Russian efforts to subvert democracies demand counter info-ops campaign
February 4, 2019
From our conversations in 1992, I realized that Mr. Putin understood that it was not the West, but the Soviet socialist system that was responsible for the social and economic downfall of the Soviet Union, says Franz J. Sedelmayer. It was after he became president in 2000 that he worried increasingly about Russia’s political and economic failures and bemoaned a lack of what he considered proper respect from the West — and turned Russia inward with ideology and religion as tools, he writes for the New York Times:
And yet, living in America, I couldn’t help noticing that the media there are reticent when it comes to telling its audiences that Mr. Putin’s Russia will never be democracy’s friend. Volodya’s Russia wants to divide and to destroy democracies. To that end, Volodya employs his Kremlin apparatus, notably the shadowy and largely unknown Presidential Property Administration of the Russian Federation, or UdPRF.
“A former K.G.B. officer, he understands how to use disinformation (deza), lies (vranyo), and compromise (kompromat) to create chaos in the West and at home,” he adds.
Russian efforts to subvert Western democracies provide a powerful rationale for some sort of U.S. counter-campaign to serve as retribution, reestablish a degree of deterrence in this domain, and create the basis for future mutual restraint in such activities, says a new RAND report:
Putin has proved highly sensitive to perceived efforts to undermine his domestic support and seems to harbor exaggerated fears of a Russian “color revolution” on the Ukraine or Georgia models—that is, popular protests and action that lead to the replacement of a government or regime. Influencing a Russian domestic audience will be difficult, but stronger U.S. efforts to do so will certainly get Putin’s attention.
Affecting foreign opinion about Russia will be an easier goal for U.S. information operations, the RAND analysis adds.
In a separate report – on Russia’s Hostile Measures in Europe – RAND details the Kremlin’s wide range of “measures short of war” to exert influence across Europe and outlines options for countering them. Russia uses a wide range of hostile measures—also known as measures short of war—to exert influence across Europe, notes RAND report, outlining options for how to counter them.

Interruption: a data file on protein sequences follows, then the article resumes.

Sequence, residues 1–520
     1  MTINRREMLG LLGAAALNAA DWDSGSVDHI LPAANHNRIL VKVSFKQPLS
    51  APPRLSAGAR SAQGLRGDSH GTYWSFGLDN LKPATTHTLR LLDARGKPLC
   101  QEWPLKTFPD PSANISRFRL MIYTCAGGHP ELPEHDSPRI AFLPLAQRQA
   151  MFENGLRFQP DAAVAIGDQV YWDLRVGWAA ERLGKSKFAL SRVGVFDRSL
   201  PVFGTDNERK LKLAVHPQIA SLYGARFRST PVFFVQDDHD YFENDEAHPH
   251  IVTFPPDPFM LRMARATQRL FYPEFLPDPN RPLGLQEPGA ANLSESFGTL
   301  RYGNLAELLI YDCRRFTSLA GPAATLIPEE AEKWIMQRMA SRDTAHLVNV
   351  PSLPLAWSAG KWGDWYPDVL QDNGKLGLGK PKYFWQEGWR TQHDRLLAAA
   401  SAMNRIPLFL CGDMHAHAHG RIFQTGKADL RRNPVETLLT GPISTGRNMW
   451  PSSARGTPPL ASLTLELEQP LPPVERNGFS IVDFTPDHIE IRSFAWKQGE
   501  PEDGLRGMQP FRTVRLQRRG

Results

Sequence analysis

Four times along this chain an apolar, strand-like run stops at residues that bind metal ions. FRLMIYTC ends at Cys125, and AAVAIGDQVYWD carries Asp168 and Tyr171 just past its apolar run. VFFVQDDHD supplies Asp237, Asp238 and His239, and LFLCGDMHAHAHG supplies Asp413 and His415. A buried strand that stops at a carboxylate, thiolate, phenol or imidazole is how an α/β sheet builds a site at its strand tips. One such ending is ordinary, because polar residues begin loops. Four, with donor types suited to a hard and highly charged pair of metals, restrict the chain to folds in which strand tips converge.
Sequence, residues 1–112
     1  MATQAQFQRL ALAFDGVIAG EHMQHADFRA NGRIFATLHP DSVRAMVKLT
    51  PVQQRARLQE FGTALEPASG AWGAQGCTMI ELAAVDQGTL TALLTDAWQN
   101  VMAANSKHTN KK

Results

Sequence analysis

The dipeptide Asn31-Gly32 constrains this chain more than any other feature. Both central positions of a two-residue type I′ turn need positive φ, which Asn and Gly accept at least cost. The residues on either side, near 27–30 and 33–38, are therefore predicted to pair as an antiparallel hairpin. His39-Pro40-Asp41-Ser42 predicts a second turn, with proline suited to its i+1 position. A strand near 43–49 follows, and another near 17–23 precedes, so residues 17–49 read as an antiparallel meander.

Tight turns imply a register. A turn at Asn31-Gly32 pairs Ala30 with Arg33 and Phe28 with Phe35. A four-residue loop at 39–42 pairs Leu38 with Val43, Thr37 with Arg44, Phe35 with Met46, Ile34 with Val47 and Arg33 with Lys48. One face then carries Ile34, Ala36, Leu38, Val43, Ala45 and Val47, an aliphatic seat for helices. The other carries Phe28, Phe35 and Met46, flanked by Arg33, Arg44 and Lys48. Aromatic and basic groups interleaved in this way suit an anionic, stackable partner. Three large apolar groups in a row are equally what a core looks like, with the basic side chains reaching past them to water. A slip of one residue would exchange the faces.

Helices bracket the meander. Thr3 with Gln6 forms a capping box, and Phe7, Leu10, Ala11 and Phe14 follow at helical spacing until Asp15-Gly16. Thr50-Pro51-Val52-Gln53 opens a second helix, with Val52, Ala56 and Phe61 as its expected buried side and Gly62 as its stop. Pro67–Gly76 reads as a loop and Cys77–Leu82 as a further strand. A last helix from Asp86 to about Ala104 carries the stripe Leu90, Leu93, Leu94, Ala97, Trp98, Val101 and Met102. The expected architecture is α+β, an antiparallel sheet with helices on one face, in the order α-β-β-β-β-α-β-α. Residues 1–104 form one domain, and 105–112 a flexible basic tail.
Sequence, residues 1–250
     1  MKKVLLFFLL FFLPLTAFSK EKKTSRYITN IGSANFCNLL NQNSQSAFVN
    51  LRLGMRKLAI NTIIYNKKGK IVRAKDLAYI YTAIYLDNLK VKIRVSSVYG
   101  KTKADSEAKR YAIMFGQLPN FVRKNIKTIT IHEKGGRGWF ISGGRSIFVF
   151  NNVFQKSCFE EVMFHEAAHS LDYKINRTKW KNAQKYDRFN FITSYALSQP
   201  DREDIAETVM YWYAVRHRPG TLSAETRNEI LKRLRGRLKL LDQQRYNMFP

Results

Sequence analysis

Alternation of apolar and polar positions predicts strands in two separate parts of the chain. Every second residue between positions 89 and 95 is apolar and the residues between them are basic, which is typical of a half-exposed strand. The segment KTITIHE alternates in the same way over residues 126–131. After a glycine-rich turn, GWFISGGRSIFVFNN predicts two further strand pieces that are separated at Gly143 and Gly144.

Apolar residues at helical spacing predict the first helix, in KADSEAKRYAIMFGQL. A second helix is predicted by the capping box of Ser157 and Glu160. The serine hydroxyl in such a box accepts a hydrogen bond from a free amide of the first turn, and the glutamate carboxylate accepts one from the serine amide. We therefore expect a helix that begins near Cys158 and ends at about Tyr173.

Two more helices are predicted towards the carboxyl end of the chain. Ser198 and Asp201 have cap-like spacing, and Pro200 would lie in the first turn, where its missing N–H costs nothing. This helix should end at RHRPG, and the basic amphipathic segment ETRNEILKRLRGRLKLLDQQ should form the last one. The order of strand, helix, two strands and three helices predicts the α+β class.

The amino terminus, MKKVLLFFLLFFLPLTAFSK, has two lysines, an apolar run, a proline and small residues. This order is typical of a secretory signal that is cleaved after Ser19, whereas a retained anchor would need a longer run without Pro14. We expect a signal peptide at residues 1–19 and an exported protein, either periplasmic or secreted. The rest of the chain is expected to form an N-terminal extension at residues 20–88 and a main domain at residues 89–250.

The U.S. could hack and release embarrassing information about Putin’s personal wealth as a bargaining chip to convince him to halt digital attacks, say David Maxwell and Annie Fixler with the Foundation for Defense of Democracies. U.S. officials could also release information about corrupt business practices by Chinese Communist Party officials or Iran’s theocratic rulers with similar goals, they add.
“This generated from our thinking about where our adversaries are weak and we’re strong,” Fixler told the Post’s Vincent Marks, highlighting an idea from the think tank’s “Midterm Assessment” of the administration’s foreign and national security policies.
Internet technologies are being used in ways that raise far-reaching questions about democratic resilience and sustainability, although this is not to downplay the capture of the internet in authoritarian settings, adds Eurozine, a partner of the National Endowment for Democracy:
As sinologist and political scientist Katika Kühnreich explains, China’s ‘Social Credit Systems’ operate a form of gamified control that the Chinese government plans to introduce nationwide, so that by the end of the decade the entire nation could be under surveillance…..Russia’s ‘hybrid war’. As political scientist Mark Galeotti writes, this entails more than a combination of covert and overt aggression.
The European Commission and the Member States are increasingly concerned about the safety, integrity and legitimacy of the forthcoming European elections. The threats are indeed many and varied: voluntary and massive dissemination of misleading content, use of false accounts to increase the scope and virality of certain political messages, strategic hacking, cyberattacks on the electoral infrastructure, leakage of compromising information, etc., notes the Jacques Delors Institute (above).